Having the right CV can be the start of the best career journey or cause job seeking nightmares
A good CV should be clear and concise; it’s a reassurance to the potential employer that you are right for the job showcasing your most relevant skills and experiences which demonstrates that you are a fit for their organisation. But you know this already……..
Before you apply for any job/role, you need to understand the type of person the prospective employer is looking for. Do your homework and use any information you can find on the prospective employer as a basis for your CV. You are much more likely to secure an interview if you can demonstrate a good match between what the employer is looking for and the skills you possess.
2- Honest & Accurate
When writing your CV, always be honest, as it will more than likely be used to structure the interview. Providing inaccurate information will lead to issues further down the line. Use your CV to accentuate your real skills and abilities, and always highlight any achievements and successes.
There is no right or wrong way to write a CV but there are some bases that need to be covered. You should always include: personal and contact information; education and qualifications; work history and/or experience; relevant skills to the job in question; own interests, achievements; links to sample code if available (or available on request), website/portfolio and some referees (or available on request).
Introduce yourself with a strong statement that sums up your skills and career aims, always keeping in mind the role you are applying for. It should summarise what you have to offer, so keep it simple however it should grab the reader’s attention. General terms like “hardworking” , “reliable”, “ good team player” can make it difficult for an employer to really build a picture of you in their mind so try not to over use these terms.
3b - Education and Training
Use bullet points to include the school and University you went to, when your qualifications were awarded and any other extracurricular activities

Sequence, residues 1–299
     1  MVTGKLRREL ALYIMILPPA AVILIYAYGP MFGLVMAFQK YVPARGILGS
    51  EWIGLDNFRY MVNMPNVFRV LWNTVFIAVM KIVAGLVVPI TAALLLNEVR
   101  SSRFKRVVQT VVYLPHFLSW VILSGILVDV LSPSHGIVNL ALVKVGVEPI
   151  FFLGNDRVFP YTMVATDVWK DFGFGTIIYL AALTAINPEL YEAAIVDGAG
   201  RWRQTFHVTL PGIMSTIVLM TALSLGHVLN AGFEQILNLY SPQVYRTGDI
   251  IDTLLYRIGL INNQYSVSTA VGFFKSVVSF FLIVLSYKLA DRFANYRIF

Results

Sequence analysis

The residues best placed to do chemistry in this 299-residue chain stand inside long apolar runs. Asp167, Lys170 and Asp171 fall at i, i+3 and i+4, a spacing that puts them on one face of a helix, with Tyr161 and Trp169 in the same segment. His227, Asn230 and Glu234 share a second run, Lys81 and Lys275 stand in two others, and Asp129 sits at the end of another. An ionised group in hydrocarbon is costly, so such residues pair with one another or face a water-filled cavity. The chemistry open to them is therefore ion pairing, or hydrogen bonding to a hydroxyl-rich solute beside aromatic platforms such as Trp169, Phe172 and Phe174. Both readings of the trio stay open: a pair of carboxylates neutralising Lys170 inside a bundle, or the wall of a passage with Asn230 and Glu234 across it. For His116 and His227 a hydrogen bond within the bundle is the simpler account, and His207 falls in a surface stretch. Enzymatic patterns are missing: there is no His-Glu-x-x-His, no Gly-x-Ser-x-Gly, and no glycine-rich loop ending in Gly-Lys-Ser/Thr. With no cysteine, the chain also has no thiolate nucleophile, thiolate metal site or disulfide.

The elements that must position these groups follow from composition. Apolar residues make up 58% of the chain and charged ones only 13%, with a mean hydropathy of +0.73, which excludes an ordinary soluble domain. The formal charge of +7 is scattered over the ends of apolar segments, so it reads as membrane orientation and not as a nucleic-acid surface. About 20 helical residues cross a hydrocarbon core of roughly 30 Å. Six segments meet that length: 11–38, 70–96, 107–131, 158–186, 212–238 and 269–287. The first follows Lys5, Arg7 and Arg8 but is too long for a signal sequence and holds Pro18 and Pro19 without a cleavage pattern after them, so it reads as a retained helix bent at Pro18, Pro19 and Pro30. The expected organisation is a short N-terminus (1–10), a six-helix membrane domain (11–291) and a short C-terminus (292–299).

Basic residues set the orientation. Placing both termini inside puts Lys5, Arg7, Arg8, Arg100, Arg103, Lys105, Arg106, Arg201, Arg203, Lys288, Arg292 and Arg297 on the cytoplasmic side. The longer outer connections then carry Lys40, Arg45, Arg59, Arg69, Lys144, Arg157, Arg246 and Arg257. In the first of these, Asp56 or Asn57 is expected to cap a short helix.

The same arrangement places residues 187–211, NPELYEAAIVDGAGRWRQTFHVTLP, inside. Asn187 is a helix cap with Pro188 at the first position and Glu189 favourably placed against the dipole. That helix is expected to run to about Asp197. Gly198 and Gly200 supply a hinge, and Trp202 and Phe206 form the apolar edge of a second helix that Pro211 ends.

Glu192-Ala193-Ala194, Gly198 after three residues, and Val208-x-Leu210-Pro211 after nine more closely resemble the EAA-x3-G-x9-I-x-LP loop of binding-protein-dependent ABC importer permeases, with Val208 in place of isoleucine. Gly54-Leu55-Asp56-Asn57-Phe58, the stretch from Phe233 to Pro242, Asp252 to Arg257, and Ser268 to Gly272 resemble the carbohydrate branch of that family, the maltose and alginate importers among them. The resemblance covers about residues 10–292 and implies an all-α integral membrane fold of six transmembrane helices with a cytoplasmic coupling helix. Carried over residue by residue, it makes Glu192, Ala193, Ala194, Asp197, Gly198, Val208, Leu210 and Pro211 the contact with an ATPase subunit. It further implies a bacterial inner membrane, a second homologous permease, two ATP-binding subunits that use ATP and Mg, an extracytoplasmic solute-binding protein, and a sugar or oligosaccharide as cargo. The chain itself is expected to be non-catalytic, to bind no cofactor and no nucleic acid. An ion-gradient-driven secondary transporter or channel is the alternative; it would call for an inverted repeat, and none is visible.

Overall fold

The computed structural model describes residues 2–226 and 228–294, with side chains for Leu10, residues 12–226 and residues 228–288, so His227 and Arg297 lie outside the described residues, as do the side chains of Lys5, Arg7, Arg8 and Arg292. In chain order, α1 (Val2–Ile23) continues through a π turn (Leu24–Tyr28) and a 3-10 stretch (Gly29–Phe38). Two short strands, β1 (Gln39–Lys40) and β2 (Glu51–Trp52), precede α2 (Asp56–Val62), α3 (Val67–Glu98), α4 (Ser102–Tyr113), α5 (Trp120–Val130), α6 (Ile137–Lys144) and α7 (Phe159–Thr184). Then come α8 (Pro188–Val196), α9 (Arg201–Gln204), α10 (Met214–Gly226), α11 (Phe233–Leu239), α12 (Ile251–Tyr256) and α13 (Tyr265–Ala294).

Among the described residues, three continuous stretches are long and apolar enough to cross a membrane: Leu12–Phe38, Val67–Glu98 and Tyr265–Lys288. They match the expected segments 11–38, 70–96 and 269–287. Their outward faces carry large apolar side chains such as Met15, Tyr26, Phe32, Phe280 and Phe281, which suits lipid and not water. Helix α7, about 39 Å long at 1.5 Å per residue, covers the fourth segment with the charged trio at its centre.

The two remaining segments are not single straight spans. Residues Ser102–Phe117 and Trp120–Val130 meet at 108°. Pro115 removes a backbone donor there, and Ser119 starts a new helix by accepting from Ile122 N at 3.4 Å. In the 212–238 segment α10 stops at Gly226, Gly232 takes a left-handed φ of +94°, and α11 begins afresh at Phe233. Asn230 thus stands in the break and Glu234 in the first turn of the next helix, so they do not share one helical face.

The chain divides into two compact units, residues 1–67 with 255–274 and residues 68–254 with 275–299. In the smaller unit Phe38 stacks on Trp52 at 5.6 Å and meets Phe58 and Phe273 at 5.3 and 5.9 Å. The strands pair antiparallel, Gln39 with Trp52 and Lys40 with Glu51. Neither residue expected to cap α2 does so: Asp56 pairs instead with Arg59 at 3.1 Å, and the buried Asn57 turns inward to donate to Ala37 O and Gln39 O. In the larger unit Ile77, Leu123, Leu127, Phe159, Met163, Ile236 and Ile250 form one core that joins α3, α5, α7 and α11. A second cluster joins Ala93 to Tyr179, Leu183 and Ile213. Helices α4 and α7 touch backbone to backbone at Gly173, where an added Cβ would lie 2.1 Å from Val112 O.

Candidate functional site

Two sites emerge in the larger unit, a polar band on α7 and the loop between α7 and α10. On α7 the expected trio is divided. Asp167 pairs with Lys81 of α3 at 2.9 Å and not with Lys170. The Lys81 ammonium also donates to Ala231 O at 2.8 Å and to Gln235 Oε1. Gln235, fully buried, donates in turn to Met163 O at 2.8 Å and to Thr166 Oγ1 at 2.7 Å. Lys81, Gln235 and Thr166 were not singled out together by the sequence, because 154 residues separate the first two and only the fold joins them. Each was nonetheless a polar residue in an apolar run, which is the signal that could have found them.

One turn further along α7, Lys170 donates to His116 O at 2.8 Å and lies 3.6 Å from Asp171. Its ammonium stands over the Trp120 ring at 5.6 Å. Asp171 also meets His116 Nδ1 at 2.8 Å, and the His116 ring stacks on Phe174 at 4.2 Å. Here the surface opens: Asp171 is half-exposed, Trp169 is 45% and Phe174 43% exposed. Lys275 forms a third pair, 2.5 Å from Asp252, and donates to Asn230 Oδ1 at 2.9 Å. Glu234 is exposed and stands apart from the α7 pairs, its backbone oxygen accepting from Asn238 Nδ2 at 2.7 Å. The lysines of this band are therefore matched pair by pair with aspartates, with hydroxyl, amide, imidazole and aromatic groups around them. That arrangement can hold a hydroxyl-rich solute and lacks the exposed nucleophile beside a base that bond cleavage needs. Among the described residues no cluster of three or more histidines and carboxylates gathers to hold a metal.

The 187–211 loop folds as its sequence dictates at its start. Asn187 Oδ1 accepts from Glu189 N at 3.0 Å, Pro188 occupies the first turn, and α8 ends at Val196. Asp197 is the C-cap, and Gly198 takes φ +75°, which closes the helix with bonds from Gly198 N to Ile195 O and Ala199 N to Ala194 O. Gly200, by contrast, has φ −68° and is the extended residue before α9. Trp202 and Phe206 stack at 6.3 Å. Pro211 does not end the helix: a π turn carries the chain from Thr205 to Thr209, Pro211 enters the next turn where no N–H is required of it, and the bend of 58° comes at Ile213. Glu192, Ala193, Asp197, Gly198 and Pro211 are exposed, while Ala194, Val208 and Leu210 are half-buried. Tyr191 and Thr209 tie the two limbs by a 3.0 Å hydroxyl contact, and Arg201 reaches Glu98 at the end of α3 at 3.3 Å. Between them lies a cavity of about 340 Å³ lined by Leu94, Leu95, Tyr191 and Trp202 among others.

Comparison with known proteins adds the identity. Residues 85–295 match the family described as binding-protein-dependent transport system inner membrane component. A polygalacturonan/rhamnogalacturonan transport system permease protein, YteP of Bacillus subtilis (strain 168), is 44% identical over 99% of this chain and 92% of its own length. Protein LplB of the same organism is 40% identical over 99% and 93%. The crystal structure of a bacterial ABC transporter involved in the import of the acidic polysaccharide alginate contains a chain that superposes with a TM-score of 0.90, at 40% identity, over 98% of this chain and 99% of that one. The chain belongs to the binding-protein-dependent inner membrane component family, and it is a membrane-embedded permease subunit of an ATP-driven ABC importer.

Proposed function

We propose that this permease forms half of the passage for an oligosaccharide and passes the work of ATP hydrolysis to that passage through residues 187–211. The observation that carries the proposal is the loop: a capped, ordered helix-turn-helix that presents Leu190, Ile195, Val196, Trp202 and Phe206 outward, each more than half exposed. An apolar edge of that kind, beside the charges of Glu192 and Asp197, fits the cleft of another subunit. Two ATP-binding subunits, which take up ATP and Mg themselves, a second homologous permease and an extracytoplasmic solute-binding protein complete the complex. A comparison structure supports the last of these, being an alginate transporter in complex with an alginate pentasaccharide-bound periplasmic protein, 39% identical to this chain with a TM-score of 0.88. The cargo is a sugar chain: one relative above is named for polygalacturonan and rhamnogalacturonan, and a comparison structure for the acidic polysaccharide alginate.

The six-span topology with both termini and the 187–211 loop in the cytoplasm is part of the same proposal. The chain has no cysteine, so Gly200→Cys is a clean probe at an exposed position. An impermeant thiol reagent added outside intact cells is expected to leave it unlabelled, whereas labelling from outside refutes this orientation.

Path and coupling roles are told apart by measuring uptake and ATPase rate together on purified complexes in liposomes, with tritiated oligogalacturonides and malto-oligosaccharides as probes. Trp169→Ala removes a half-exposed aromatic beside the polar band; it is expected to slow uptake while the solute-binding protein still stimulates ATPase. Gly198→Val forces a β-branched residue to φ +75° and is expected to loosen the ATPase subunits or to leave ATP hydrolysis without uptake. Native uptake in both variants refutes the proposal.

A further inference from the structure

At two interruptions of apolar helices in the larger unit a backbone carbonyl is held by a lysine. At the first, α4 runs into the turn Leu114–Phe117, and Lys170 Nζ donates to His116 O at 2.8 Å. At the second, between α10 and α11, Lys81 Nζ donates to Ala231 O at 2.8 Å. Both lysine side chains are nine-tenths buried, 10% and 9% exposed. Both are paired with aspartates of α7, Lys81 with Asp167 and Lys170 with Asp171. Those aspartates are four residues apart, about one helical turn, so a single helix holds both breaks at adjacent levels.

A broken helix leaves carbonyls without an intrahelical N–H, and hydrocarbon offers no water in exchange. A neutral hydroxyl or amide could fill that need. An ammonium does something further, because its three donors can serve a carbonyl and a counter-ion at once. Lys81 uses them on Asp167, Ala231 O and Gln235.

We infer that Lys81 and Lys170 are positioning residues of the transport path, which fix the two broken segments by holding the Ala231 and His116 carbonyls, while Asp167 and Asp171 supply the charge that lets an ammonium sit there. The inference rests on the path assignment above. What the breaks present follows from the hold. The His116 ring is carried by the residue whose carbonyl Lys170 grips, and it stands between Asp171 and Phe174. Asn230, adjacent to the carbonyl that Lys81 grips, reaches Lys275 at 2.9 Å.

3c - Employment
You should start with your present or most recent job and work backwards. You should include employer, relevant dates, job title and your main duties and tasks. You can provide more detail on the relevant jobs you've had and give examples of the value you brought to this position and what you achieved. Use bullet pointed lists. Try using positive active words to describe what you did in your job, like achieved, transformed, established, supervised, co-ordinated, developed or designed.
3d - Interests, hobbies & Achievements
Include anything that shows how diverse and interesting you are! Use this section to include your favorite games, software, apps etc!
4 – Sample Code/Portfolio
Companies will technically test you and/or ask for you to provide sample code or a portfolio as part of the selection process. It’s important that your work is well polished and a good example of your recent work capability.
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Meet our team of recruiters...
Scott has 13 years recruitment experience and 8 years in the video game industry. Scott started in I.T Recruitment within the banking sector, before leveraging his experience to move into the video games industry in 2009 and has never looked back!
Sarah has worked in video game recruitment for 3 years and is an expert talent finder. Hard working, friendly, approachable and a real people person.
Laura has worked in recruitment for 7 years and is expert in her chosen field specialising with producers and game designers.
Toby is a dedicated account manger and recruiter, hunting talent across UK & Europe. Always on the look out for solid coders!
After 3 years working in recruitment, Georgio has transitioned into the video games industry to use his experience to help make the games we love. His specialism is with Artists and Animators.
Recruiter - Art & Animation